Wednesday, December 29, 2010

Best Dividend Stocks for 2011

Back in 2008 I was invited to participate in a friendly competition with several stock bloggers. My list of stocks has returned over 20% in 2009 and 2010. The companies I selected in both years included real estate investment trust Realty Income (O). utility Con Edison (ED), tobacco conglomerate Phillip Morris International (PM) and pipeline MLP Kinder Morgan Partners (KMP). Due to the low interest rates, most high yield stocks have been bid up by yield hungry investors to levels which would make investors think twice before adding new money to these positions.

Instead, I have selected four new stocks, which are attractively priced at the moment and could deliver solid earnings growth over the next few years. Dividend growth investing is all about finding the companies which are best positioned to increase dividends over the long haul. Companies with rising sales and earnings have to strong fundamental foundation that would lead to higher dividends over time and higher stocks prices as well. The best dividend stocks for 2011 include:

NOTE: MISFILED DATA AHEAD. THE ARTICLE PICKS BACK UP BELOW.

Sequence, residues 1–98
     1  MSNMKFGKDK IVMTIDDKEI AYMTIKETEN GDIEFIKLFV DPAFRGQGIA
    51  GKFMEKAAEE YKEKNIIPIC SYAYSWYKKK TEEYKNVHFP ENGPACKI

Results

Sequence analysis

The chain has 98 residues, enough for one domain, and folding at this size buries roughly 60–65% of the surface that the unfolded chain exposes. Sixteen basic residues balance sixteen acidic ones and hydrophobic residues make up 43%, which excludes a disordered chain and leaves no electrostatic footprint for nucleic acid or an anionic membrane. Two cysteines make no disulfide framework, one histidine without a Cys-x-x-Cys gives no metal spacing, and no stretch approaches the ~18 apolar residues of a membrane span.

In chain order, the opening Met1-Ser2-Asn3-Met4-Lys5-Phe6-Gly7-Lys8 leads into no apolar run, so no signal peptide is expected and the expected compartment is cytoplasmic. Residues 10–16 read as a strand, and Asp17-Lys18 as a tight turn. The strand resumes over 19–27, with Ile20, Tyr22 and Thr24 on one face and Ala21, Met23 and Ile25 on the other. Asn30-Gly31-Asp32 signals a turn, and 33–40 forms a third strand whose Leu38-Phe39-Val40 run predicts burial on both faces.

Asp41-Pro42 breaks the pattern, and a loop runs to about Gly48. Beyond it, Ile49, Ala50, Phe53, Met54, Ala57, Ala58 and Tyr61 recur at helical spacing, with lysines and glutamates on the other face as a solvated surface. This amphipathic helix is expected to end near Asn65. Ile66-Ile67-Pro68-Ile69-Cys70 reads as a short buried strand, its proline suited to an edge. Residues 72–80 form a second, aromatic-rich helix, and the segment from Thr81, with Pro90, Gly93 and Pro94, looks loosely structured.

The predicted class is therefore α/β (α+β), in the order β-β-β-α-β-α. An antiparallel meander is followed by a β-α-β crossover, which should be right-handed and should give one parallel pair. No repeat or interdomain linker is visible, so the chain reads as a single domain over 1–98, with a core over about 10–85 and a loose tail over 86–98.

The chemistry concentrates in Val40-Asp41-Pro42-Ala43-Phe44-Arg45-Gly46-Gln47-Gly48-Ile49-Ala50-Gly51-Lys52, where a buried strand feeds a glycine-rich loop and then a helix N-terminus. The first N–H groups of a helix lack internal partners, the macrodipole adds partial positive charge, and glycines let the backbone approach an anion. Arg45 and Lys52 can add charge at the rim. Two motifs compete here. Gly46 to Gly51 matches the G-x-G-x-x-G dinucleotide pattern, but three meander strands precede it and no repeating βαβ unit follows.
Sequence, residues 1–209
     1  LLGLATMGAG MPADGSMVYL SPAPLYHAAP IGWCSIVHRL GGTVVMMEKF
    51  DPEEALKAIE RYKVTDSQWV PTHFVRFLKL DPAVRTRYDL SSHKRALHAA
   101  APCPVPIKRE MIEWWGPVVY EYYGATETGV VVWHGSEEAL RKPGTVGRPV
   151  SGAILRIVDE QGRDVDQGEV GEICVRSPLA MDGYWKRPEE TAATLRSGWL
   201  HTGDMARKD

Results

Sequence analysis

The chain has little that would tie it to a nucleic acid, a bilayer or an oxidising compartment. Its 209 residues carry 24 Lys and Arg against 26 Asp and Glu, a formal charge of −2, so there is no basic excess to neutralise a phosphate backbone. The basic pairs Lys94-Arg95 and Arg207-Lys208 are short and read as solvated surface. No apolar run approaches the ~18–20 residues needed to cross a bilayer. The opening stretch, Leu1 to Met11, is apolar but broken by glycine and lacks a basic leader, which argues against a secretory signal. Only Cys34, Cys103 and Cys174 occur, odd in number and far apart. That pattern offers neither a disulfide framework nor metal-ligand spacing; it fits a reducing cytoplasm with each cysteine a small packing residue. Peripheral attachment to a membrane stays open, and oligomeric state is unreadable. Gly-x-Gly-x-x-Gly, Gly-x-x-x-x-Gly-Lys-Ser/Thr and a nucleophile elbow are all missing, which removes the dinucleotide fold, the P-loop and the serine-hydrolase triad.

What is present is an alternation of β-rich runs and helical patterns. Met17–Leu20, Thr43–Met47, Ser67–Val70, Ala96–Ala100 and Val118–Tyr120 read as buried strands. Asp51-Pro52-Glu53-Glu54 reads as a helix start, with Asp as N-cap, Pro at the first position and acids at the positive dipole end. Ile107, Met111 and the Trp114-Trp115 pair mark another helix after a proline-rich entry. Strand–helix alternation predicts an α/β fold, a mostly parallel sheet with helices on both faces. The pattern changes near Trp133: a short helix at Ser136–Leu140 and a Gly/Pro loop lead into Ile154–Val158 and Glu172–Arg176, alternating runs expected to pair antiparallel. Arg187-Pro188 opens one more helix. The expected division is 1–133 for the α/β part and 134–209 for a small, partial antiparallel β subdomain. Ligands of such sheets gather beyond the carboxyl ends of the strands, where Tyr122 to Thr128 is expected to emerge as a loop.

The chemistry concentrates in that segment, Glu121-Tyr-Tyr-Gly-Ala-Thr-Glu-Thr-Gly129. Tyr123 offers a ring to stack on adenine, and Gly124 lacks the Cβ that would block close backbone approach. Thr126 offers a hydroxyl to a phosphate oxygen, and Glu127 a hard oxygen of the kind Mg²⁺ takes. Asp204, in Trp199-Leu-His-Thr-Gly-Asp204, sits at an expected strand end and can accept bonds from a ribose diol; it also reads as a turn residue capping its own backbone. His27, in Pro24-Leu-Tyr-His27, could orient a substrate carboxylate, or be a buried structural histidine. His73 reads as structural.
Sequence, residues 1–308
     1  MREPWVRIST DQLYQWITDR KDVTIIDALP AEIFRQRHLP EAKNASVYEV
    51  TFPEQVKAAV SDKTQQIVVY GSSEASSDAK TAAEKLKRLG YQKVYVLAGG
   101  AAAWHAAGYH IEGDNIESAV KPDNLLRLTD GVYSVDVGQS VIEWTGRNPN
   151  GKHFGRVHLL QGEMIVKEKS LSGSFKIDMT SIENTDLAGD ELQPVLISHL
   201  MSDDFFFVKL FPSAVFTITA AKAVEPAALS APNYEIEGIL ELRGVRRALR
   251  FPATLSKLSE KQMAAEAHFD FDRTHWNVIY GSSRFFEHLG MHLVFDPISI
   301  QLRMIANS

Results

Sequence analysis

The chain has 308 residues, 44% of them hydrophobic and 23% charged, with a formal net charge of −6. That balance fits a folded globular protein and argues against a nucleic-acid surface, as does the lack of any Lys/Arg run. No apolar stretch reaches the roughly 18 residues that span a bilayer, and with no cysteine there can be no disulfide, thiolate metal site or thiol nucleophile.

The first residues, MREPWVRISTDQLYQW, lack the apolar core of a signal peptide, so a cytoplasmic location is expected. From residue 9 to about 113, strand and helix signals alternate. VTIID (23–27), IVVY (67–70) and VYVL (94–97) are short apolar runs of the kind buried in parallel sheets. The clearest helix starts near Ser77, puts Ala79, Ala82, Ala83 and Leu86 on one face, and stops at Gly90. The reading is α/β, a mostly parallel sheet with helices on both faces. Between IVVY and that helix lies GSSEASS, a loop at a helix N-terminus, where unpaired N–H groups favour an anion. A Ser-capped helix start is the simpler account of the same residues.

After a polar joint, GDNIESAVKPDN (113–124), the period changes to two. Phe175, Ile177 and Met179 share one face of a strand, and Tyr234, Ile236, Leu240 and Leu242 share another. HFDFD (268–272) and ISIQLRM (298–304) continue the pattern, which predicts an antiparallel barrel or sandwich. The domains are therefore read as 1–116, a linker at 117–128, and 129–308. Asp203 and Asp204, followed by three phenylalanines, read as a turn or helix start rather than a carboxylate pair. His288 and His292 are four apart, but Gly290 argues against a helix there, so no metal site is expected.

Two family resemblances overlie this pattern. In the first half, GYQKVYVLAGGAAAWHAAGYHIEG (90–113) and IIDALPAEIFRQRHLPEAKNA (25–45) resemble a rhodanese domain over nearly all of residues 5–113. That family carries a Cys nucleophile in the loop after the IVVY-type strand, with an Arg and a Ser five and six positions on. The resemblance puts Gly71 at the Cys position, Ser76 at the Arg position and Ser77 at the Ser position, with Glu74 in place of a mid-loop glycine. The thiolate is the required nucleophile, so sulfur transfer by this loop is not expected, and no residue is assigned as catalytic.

Johnson & Johnson (JNJ) engages in the research and development, manufacture, and sale of various products in the health care field worldwide. The company operates in three segments: Consumer, Pharmaceutical, and Medical Devices and Diagnostics. The company has had issues with product recalls in 2010, which is one of the reasons why the stock was flat this year. The diversified product base and global geographic reach of its products which are used by consumers on a daily basis produces a diversified stream of sustainable cash flow, which should enable the company to withstand any storms successfully. The company tries to grow organically through innovation and investment in R&D, as well as through strategic acquisitions in new opportunities such as vaccines or biosurgical products. Johnson & Johnson is a member of the dividend aristocrats index, and has consistently raised distributions for the past 48 years. Yield: (analysis)